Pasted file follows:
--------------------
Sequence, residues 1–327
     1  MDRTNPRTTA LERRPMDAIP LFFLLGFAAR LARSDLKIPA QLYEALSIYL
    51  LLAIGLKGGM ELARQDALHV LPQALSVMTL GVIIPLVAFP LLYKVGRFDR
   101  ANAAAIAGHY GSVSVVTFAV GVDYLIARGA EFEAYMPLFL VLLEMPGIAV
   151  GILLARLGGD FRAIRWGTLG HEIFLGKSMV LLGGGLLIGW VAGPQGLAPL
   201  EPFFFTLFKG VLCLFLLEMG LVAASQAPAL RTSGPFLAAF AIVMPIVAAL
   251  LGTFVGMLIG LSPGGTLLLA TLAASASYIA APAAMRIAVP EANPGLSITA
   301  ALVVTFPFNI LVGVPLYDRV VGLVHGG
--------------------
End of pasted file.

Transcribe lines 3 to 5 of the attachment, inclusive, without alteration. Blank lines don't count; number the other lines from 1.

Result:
    51  LLAIGLKGGM ELARQDALHV LPQALSVMTL GVIIPLVAFP LLYKVGRFDR
   101  ANAAAIAGHY GSVSVVTFAV GVDYLIARGA EFEAYMPLFL VLLEMPGIAV
   151  GILLARLGGD FRAIRWGTLG HEIFLGKSMV LLGGGLLIGW VAGPQGLAPL